A Navy captain is being court-martialed for having a private business to which she allegedly steered some $600,000 in contracts. Her lawyer says she is being “railroaded.” I’ve never really understood that term.
A Navy commander got 30 months in the slammer for his minor role in the Supersized Leonard mess. We are about at the point where we could crew a ship with the Navy’s Fat Leonard convicts. How about putting them on a prison hulk in San Diego Bay? It could be a tourist attraction. But no Mongolian prostitutes allowed!
There also were more Navy guilty pleas in the Leonard scandal. Current score is 33 charged, 22 have pled. One of the recent pleaders used to be head of public affairs for the Pacific Fleet. Turns out he did ghostwriting for Mr. Leonard.
A pair of U.S. Navy Grumman F-14A Tomcat aircraft from Fighter Squadron VF-211 Fighting Checkmates in flight over Iraq in 2003/Department of Defense
Since the sequel to the 1986 action flick (and wildly successful Navy recruitment tool) Top Gun, was announced, there's been a lot of speculation on what Top Gun: Maverick will be about when it premieres in June 2020. While the plot is still relatively unclear, we know Tom Cruise will reprise his role as Naval aviator Pete "Maverick" Mitchell, and he'll be joined by a recognizable costar: The iconic F-14 Tomcat.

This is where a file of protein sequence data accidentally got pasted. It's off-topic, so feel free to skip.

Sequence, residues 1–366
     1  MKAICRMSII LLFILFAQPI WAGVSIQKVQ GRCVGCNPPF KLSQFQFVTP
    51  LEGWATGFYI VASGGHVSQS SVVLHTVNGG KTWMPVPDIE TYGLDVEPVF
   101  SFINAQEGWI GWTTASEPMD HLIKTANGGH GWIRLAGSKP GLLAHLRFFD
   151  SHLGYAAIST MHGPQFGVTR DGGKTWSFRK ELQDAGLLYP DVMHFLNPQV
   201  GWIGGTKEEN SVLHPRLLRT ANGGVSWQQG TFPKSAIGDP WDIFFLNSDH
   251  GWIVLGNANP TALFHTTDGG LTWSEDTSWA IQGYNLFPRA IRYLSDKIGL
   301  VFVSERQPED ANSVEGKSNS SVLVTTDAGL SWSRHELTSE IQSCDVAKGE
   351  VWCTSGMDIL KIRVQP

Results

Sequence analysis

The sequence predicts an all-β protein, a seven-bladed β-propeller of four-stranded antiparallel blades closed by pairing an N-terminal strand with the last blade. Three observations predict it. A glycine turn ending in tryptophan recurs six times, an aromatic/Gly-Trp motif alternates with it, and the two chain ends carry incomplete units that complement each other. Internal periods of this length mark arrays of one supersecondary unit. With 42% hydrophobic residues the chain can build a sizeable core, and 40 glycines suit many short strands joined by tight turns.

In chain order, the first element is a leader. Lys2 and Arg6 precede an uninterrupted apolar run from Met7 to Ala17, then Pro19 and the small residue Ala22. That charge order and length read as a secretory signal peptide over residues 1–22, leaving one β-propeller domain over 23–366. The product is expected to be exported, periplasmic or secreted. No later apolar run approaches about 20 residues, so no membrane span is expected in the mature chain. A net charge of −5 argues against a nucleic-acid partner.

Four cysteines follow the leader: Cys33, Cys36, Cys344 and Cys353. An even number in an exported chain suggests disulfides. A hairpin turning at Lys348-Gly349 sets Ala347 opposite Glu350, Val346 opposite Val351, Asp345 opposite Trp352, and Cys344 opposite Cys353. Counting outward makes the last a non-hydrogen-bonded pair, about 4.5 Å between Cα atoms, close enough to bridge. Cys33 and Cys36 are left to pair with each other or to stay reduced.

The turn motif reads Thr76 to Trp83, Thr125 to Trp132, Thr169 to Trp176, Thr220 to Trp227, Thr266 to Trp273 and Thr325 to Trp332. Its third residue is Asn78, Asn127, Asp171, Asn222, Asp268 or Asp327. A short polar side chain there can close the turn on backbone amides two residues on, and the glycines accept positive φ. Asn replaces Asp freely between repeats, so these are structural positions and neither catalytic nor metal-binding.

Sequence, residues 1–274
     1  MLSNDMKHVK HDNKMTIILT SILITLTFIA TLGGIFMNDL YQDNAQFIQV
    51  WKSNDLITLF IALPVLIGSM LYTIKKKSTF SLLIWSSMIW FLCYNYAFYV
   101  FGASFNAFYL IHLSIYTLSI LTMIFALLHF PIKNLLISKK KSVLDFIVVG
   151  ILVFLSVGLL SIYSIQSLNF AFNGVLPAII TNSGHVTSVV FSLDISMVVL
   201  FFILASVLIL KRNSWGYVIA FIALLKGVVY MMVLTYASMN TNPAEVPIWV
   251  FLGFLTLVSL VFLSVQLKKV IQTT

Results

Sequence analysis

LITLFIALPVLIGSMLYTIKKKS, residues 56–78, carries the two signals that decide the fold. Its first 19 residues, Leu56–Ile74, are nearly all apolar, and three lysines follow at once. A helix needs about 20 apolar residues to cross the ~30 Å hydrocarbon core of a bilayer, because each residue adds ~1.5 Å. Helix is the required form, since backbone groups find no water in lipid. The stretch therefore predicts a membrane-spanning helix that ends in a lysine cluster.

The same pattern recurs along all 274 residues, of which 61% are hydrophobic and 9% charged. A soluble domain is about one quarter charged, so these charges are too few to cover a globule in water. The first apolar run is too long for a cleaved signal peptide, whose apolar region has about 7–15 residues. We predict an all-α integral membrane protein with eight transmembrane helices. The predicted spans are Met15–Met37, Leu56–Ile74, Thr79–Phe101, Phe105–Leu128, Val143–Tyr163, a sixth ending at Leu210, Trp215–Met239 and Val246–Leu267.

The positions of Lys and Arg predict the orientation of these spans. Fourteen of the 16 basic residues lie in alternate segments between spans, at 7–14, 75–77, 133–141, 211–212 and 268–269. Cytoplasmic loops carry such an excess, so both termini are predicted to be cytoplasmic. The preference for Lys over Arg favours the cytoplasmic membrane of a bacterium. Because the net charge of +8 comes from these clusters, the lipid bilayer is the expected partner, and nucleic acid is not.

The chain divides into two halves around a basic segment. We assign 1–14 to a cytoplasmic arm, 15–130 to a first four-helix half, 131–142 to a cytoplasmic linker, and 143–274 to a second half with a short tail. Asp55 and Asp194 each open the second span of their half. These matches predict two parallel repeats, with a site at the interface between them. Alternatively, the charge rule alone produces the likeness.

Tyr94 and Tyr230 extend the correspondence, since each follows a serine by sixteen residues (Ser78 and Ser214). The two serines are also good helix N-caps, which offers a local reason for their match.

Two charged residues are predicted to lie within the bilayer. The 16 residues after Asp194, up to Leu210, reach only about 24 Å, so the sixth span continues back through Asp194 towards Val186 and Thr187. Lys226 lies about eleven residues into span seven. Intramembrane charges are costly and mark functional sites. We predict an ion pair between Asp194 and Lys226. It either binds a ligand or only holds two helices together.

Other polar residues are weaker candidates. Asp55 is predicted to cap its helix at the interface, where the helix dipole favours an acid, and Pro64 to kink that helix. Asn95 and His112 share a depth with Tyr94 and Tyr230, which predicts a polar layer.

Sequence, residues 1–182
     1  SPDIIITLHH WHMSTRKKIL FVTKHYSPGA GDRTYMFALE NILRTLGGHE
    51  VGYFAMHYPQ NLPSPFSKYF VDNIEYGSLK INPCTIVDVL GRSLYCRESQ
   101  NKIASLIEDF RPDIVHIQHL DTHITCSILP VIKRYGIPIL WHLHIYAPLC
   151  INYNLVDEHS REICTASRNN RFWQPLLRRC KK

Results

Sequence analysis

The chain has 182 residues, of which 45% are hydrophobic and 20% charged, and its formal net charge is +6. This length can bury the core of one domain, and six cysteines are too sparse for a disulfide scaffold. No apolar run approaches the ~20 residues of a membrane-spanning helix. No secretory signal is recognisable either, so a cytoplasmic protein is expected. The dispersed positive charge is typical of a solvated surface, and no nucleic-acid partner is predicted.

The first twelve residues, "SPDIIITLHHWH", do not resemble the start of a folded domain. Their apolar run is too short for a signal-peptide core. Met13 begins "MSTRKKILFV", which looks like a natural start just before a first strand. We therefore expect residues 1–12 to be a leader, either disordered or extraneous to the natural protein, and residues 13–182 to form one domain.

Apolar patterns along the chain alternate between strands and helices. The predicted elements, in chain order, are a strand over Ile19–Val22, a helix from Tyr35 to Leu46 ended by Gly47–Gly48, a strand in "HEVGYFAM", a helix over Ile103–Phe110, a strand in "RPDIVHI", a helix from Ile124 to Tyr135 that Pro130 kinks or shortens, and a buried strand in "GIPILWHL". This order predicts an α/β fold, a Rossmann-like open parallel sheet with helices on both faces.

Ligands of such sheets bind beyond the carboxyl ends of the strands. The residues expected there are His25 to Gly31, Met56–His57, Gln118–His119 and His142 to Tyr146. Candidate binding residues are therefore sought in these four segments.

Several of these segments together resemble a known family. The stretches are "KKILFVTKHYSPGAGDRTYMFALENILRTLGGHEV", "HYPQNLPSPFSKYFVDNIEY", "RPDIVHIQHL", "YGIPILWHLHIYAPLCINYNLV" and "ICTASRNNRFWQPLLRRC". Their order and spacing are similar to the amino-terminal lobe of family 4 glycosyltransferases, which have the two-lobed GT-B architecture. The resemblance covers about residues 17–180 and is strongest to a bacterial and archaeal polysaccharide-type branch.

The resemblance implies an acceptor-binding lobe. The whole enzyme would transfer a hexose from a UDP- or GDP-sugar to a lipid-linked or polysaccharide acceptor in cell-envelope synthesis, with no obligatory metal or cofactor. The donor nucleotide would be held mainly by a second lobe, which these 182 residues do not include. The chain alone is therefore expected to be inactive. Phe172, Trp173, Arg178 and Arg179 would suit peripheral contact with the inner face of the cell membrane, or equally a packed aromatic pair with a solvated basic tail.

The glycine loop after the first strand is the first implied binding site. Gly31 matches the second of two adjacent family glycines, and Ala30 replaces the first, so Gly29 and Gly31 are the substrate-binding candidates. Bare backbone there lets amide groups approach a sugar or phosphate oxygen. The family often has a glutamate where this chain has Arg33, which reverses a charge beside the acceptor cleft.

It looks like the old war plane will be coming out of retirement for more than just a cameo. A number of recently surfaced photos show an F-14 Tomcat aboard the USS Theodore Roosevelt, alongside Cruise and members of the film's production crew, the Drive's Tyler Rogoway first reported earlier this week.
Every once in a while, we run across a photo in The Times-Picayune archives that's so striking that it begs a simple question: "What in the name of Momus Alexander Morgus is going on in this New Orleans photograph?" When we do, we've decided, we're going to share it — and to attempt to answer that question.
Members of the Syrian Democratic Forces control the monitor of their drone at their advanced position, during the fighting with Islamic State's fighters in Nazlat Shahada, a district of Raqqa. (Reuters/Zohra Bensemra)
MUSCAT (Reuters) - The United States should keep arming and aiding the Kurdish-led Syrian Democratic Forces (SDF) following the planned U.S. withdrawal from Syria, provided the group keeps up the pressure on Islamic State, a senior U.S. general told Reuters on Friday.